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Interview: TINY Chats About Life, Songwriting And Her Massive New Single, ‘Good LIfe’

Electronic-dance artist TINY has been ticking some big boxes this year. She re-entered the realm with her undeniably catchy single, On My Mind (feat. Amela) earlier this year and has just taken things a notch higher with the release of her huge single, Good Life. We sat down with super talented producer-songwriter to find out more about the single, writing process and what’s next.

Big congrats on the release of Good Life!. Can you tell our readers what it’s about?

Thank you! Good life is really an extension of the situations & circumstances I’ve faced over this past year during Covid. It’s not always an easy thing to do what you’re passionate about. I’ve made a lot of sacrifices over the years for the love of music but I feel like it’s easier for me to do music rather than taking up a 9-5 job that my heart just isn’t in. I would just be lying to myself. I hope Good Life resonates with others who are striving to do what they love & put in the work for a better life that holds more meaning to them- whatever that might be. It’s easy to take the small things in life for granted & it’s important to remember that just because you don’t have everything you want, or things aren’t going the way you might want them to, doesn’t mean life can’t be good for you right now.

How did the song come to fruition? Tell us a bit about the writing process?

This was my first time delving into sound design & experimenting with making new sounds. I made pretty much everything in this track except for the strings. I started by making the drum kit, I then made the main synth that comes in at the intro. The second I played the chords on my midi the words ‘Don’t go’ came out of my mouth. It all happened very quickly. I was doing my best to move between getting the sounds right, laying down the production for the track & writing the top line. I fell into a pretty deep rabbit hole & spent about 16 hours at the computer trying to get it sounding polished.

How are most of your songs are conceived? Does it change on a song-by-song basis?

Sometimes a melody will come into my head randomly & I’ll record it as a voice memo on my phone, then once I’m in the studio I’ll base my track off of that melody. Other times I’ll start by making a synth & playing around with chord progressions until I come across something that has a nice feel to it. Lately I’ve been having the melody & lyrics come at the same time whilst I’m producing so I’m just constantly moving from producing to recording everything into my phone so I catch all my ideas.

You had a big single earlier this year with Amela, are there many more collabs in the works?

I’ve been a bit reserved when it comes to collaborating. There is an artist who I was originally going to remix a track for but I loved her voice so much that I’ve asked to turn it into an entirely different track. I’ve also got an entire Hip Hop EP sitting in my catalogue which I’d love to eventually have someone feature on.

I’ve done a lot of collaborating throughout my career & I’ve had a fair amount of people who have reached out to collaborate with me but I feel like I really want to get a sense of the person & what they’re all about. I want to work with people that are on the same wave length, who live & breathe music like I do. I wrote with Amela years ago & she’s the kind of person that made me fall in love with collaborating, so it made sense to work with her. I just feel like it’s easier to work on my own lately but if the right people come along I’d be open to collaborate.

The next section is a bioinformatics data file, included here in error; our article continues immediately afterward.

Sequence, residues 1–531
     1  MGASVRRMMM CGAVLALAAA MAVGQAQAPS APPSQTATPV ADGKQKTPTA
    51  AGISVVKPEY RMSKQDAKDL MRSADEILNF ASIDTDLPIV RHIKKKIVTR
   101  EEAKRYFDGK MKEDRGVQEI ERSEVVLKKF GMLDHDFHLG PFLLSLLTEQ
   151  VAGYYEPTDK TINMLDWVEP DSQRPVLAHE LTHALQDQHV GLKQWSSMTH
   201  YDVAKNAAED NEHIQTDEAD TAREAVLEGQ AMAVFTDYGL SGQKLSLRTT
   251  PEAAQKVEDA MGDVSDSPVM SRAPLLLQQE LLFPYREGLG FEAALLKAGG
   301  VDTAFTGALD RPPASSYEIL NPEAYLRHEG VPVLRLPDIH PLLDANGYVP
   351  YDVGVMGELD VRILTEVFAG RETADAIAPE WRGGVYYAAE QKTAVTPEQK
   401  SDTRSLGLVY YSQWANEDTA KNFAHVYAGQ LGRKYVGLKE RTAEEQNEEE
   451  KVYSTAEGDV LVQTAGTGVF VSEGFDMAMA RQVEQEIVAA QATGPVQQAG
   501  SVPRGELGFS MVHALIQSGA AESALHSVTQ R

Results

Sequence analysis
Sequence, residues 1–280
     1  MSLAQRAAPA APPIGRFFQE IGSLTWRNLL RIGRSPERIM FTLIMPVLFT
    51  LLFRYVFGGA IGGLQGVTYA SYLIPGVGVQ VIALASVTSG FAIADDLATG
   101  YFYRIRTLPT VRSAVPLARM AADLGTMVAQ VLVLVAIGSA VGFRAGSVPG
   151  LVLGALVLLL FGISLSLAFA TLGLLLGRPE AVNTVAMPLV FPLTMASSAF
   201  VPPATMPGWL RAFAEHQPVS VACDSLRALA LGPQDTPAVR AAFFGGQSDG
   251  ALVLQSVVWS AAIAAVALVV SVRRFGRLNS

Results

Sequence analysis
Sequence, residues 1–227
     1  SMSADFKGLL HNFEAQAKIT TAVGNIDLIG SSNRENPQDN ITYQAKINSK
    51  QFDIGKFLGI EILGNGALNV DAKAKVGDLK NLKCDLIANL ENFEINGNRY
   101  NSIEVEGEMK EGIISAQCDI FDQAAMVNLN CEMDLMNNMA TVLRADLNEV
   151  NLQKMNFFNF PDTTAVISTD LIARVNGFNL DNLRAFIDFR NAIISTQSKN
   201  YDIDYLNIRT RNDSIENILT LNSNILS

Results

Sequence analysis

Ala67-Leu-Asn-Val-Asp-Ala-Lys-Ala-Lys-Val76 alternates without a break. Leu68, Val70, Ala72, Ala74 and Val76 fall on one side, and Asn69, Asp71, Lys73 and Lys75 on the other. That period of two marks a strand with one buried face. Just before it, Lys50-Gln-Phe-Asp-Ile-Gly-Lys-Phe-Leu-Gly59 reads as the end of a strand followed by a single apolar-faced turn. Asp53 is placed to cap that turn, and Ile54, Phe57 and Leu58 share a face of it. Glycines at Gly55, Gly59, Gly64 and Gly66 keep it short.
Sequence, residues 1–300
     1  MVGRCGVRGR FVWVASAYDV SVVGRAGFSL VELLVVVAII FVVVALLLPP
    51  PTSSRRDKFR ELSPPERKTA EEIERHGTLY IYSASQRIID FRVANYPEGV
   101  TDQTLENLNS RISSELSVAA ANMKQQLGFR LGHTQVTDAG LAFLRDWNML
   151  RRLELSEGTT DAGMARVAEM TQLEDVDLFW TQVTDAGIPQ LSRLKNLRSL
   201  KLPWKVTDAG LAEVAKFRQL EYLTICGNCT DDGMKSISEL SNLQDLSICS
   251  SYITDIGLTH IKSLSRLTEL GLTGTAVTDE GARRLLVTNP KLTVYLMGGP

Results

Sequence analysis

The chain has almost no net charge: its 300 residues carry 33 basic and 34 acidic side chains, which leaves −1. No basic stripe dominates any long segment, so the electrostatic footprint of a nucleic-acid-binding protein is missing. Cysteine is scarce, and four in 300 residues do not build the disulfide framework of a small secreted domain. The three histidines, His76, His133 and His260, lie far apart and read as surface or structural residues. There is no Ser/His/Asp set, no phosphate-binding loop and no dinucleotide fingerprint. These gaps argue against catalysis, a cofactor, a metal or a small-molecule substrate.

What is your production technique like? Do you have much hardware or are you mainly producing everything in VST?

I have a home studio & work out of a studio in byron but over the years I’ve learned less is more. I can make beats on a laptop in Ableton with my micro key midi & get it sounding decent, but if I want to lay vocals or mix a track I need a solid listening environment & sound proofing because my microphone picks up everything. I used to play guitar into my older tracks, but now that I’ve delved into sound design it’s something I don’t pick up as much. When I started out producing I thought I needed all of the best equipment but once I started travelling all the time I had to condense what I carried & that taught me a lot.

How have you managed to survive as an independent artist in 2020? What have been some of the biggest challenges you’ve faced and what have been some of the successes in this time?

I’ve had to live in uncertainty for 14 years when it comes to making music & figuring out how to survive. You always have to be 5 steps ahead of everything because you just don’t know how things will unfold. So for me, as much as Covid made me adapt to change my plans, I’ve taken it as a blessing in disguise because I made the most out of it & decided to learn how to master everything when it comes to production. So in reality I accomplished a long term goal of 6 years because of Covid.

At the end of 2019 I was really burnt out from all of the gigs/travelling I was doing & I wanted to move into producing at home so I could release my music then start touring. I had already planned to take a break from DJing before covid hit so I was lucky. However I’ve definitely had moments of fears & doubts, but I feel like this is an important time for everyone to slow down and go within to address whatever issues might be arising so we can work through them in order to grow and evolve.

What do you have planned for 2021? Can we expect live shows and / or more work in the near future?

I’ve been booked to play a festival in QLD next February. I can’t say which one yet, but I’ll also be giving a workshop about production during the festival. My next single off this EP will be released in January 2021.

Written by John Zebra